Ironically, one of the more popular calls of the Constitutional Convention (more popular than the Marriage Equality point) was that citizen-initiative referendums should be allowed, but there’s no sign at all that any of the major parties are remotely interested.
It’s been a similar story elsewhere. Iceland’s attempt at constitutional change followed a very similar pattern, participatory budgeting has been kept as local as possible, citizen juries are generally so small as to not even be statistically representative, calls for third citizen chambers are, of course, an interesting development, which I think would expose a lot of dissonance between elected politician and average citizen views, but they remain ‘calls’.
Of course, some activists embrace the glorious struggle, celebrating every hard-won victory. I’ve never really gotten the appeal of that approach. Yes, gay and lesbian people can now get married in Ireland instead of having to go through civil partnership and that is great, but we all continue to live in a country controlled by a dynastic politics of under-qualified people, that is over 100 billion Euro in debt, where national property is being flogged off to the likes of Deutsche Bank for a fraction of its worth, where educational opportunities are deeply unequal, where casual racial and sexual discrimination is the norm, where we continue to let the USA use our airports for whatever military fiasco they’ve embarked on now, etc., etc., etc. We’re not getting a say on any of this or on all the things that have cropped up in the meantime: TTIP; NSA surveillance; ISIS. All very serious issues with immediate ramifications for the average person. I think it’s important to keep this perspective, despite the fact that it can be a bit of a downer to do so.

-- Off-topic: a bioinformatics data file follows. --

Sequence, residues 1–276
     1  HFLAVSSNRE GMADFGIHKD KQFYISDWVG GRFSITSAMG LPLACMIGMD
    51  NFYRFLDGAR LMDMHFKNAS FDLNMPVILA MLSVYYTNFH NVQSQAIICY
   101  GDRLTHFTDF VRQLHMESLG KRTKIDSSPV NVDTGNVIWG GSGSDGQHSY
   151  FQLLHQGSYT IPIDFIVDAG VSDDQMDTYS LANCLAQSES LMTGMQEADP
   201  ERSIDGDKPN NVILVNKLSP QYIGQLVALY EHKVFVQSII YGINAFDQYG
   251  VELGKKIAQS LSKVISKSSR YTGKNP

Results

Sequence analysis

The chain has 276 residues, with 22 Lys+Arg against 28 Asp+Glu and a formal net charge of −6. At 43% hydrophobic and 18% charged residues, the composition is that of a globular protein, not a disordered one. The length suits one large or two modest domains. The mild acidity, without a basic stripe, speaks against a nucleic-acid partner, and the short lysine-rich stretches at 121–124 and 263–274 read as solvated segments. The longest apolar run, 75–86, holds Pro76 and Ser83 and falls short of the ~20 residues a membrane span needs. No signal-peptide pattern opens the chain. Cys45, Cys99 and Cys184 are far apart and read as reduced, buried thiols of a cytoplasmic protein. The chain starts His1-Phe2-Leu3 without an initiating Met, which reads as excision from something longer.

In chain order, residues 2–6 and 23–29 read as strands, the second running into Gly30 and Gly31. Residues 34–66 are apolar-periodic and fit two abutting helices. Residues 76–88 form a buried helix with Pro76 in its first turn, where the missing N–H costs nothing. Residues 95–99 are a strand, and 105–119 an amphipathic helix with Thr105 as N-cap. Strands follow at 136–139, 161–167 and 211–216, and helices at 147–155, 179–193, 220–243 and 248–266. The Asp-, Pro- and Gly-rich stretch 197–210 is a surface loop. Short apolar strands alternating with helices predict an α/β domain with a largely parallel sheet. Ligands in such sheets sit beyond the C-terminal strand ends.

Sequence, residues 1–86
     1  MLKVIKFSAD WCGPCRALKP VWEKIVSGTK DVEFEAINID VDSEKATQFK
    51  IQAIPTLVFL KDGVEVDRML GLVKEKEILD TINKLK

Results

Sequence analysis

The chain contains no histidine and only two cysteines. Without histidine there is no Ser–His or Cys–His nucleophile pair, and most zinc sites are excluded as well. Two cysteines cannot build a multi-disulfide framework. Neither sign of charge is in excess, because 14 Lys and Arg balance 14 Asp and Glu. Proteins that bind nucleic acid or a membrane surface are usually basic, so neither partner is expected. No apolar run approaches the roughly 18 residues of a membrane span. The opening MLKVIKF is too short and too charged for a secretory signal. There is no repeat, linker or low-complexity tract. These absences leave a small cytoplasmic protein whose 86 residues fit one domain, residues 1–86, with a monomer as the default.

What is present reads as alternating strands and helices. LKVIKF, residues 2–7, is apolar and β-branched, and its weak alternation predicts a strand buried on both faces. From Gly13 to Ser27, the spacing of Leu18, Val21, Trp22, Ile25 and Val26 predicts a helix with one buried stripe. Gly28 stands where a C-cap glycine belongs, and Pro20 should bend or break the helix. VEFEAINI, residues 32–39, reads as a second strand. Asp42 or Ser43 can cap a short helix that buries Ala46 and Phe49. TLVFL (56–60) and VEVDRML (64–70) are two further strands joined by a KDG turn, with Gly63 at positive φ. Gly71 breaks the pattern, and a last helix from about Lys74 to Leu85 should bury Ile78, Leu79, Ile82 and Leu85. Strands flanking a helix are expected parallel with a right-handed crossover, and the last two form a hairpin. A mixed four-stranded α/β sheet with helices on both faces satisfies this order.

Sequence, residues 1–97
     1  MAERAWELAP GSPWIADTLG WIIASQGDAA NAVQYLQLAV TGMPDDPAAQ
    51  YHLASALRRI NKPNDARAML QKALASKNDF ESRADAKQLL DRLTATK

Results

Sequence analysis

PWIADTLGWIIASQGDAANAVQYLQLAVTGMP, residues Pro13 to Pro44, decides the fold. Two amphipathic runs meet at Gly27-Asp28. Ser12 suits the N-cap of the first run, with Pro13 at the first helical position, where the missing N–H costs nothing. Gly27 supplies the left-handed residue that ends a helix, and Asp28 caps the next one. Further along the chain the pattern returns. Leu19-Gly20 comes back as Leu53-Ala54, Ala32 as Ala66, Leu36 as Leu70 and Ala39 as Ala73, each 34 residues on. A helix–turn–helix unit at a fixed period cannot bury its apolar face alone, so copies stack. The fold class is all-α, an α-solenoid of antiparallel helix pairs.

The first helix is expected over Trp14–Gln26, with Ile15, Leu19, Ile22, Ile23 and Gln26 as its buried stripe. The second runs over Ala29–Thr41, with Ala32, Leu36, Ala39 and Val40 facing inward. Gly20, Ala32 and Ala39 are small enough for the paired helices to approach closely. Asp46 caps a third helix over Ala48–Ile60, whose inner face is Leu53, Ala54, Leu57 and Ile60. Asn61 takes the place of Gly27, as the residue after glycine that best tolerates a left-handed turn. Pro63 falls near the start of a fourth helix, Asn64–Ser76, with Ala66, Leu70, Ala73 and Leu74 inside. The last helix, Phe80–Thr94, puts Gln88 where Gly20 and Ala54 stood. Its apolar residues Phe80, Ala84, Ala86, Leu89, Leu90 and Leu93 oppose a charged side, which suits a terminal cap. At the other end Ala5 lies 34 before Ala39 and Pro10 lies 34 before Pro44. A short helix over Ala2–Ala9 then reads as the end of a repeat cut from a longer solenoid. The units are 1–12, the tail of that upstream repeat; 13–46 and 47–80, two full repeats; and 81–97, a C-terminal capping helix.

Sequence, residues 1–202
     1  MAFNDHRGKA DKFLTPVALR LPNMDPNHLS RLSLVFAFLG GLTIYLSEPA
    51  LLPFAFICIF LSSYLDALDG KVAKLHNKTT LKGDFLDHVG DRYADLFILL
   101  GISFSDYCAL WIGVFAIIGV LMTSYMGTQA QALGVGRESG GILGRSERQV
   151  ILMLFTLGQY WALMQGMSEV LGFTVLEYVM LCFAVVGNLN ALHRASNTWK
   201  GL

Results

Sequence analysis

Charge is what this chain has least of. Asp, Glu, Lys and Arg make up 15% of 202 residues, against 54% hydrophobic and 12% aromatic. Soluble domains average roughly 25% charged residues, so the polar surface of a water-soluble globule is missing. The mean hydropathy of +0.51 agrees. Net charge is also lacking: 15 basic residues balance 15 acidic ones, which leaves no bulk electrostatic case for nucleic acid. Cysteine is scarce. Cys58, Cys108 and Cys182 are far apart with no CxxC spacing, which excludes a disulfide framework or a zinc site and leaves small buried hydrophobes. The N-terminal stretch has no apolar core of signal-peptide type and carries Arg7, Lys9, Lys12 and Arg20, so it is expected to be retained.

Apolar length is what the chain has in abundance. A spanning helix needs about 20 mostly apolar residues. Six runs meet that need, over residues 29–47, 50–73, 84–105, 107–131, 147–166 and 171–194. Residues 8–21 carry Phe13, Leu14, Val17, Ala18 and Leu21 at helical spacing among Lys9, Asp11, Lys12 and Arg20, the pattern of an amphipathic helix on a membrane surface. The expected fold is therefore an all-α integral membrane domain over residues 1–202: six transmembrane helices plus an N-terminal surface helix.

I also agree with the many critics who complain of the claims that technology will magically solve all our problems. Yes, if enough people tweet about Boko Haram… then….I’m not quite sure. Boko Haram will have been much tweeted about? If you cast an electoral vote over the internet… then… you’ll have saved a bit of time? Yawn.
The only real hope I see is to use technology as a complete game-changer, to create a space where the efforts of sortition-based and/or mass participation movements do not simply result in never-ending trench warfare. That necessitates creating an overarching political framework that doesn’t depend on the fool’s errand of getting long-term agreement from the very people who stand to lose the most from it. In other words, we need something like an Assembly.
Much ink has been spilled in the service of explaining why an Athenian-style Assembly would be impossible today, but I find it hard to believe. In a world where people do as much online as offline, objections of physical presence, expertise or expense are fast becoming obsolete. In fact, most Western countries lose more money to tax evasion each year than would be required to finance an Athenian-style Assembly with similar rates of participation and pay. Compared to that, the software itself is a drop in the bucket. Online decision-making software that could facilitate such a system like Loomio, DemocracyOS and Postwaves is already in the works. It’s not something that requires permission to use. You don’t need government permission to start with it on a constituency level (this is what I am attempting to do in Ireland), which means immediate binding decisions, and it is a powerful way to de-legitimize unpopular government decisions.
Moving from an electoral-oligarchical system to a democratic system is a very chicken-and-egg scenario. The Athenians started with economic reform and some would argue that economic change needs to precede political reform. I would argue that it is more important just to start somewhere and keep going (democracy didn’t happen in Athens overnight, either). However, I don’t see how truly effective sortition mechanisms can survive for too long under an essentially electoral system and think that some kind of mass participation vehicle, however rudimentary or infrequently used, would need to replace it to prevent rollback.